Self-taught animator Emanuele Kabu references psychedelia, abstract art and minimalism

Date
10 January 2018
Reading Time
2 minute read

“When I was 15, I got my first computer and a friend gave me some floppy disks with some demos made by the Future Crew,” says animator and director Emanuele Kabu, “that was the first time I realised I wanted to do the same thing: combine music with moving images.” Having no idea how to acquire the skills he needed and choosing not to study, Emanuele spent the following years immersed in the worlds of graffiti and music which provided the foundation for the eclectic and colourful portfolio he now boasts.

Working largely on his own, Emanuele’s work is vibrant and effervescent, comprising of mesmerising patterns flowing and transitioning into each other. Textural elements make the animations appear as if happening on paper in front of your eyes and upbeat soundtracks further the work’s energetic demeanour. Although not consciously prescribing to a specific style, Emanuele states his work makes clear references to psychedelia, abstract art and minimalism, as well as suprematism.

Emanuele’s fascination with pattern, shape and colour has always existed in his work and despite stating these cultural references, it largely manifested naturally. “Looking at some old photos of my graffiti on trains, I can see those elements were already there, but I had no idea what abstract art or minimalism was, I was just having fun,” he tells It’s Nice That.

In a recent project for pop-jazz group Winterplay’s single Jazz Foo Foo, Emanuele created a fully animated world of intricate lines, form and colour (although he insists he doesn’t see his work as intricate). Surprisingly – much like the graffiti work of his younger self – these dynamic manoeuvres are not the result of meticulous planning. Instead, he explains how “there isn’t a defined process, I just keep adding elements until the scene works, at least from my point of view". For Jazz Foo Foo, he instead questioned the musicians about the meaning of the song, prying into “Who is the Jazz King?”, “Where does he live?” and “What do the other inhabitants of this exciting world look like?”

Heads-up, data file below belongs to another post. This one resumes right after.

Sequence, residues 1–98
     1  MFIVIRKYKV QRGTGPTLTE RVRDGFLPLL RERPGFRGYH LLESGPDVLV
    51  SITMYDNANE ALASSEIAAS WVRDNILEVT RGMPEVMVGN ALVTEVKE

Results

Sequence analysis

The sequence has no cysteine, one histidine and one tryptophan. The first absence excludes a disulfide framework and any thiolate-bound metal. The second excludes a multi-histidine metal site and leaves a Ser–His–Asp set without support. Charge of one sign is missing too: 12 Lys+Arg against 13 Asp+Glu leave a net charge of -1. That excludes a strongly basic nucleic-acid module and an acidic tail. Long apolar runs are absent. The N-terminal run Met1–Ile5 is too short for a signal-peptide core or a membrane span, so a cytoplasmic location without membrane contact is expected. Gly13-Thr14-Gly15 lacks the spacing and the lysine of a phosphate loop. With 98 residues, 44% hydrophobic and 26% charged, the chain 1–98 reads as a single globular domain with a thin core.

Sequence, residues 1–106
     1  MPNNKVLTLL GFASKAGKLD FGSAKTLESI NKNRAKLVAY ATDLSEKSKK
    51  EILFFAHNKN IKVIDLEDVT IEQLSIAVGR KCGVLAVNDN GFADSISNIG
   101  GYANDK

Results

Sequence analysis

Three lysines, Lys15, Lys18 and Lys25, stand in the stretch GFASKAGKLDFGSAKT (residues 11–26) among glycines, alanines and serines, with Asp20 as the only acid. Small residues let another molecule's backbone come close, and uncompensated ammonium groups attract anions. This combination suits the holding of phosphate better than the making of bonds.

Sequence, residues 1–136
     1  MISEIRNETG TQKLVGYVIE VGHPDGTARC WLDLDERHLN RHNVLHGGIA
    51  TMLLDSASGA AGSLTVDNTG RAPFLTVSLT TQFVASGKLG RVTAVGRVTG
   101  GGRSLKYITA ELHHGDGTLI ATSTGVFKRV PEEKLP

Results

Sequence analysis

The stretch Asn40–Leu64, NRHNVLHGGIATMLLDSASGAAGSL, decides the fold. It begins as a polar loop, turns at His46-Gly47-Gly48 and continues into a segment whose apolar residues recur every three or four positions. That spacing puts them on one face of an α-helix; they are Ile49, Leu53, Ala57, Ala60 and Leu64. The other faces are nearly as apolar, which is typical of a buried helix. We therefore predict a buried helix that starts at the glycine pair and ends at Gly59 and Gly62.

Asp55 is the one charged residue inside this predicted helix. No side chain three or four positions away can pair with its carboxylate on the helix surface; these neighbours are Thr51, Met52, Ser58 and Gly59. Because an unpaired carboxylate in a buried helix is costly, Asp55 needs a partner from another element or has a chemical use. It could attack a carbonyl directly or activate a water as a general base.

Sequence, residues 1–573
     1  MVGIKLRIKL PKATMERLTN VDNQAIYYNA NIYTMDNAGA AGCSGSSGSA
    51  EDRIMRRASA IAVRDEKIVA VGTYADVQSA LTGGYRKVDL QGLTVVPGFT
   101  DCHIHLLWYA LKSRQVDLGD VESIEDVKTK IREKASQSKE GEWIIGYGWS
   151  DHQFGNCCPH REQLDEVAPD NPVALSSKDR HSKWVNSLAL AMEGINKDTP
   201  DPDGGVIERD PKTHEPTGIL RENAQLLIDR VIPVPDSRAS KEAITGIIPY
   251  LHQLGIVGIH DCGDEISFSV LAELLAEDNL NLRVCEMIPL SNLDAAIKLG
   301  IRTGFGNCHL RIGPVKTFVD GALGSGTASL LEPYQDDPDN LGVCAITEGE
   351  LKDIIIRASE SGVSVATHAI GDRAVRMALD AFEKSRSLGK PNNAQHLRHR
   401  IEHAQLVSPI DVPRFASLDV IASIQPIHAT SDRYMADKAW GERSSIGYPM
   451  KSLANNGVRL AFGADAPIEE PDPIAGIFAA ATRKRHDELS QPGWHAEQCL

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Emanuele Kabu

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Emanuele Kabu

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Emanuele Kabu

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Emanuele Kabu

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Emanuele Kabu

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Emanuele Kabu

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Emanuele Kabu

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Emanuele Kabu

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Emanuele Kabu

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About the Author

Ruby Boddington

Ruby joined the It’s Nice That team as an editorial assistant in September 2017 after graduating from the Graphic Communication Design course at Central Saint Martins. In April 2018, she became a staff writer and in August 2019, she was made associate editor. Get in contact with Ruby about ideas you may have for long-form stories on the site.

rbd@itsnicethat.com

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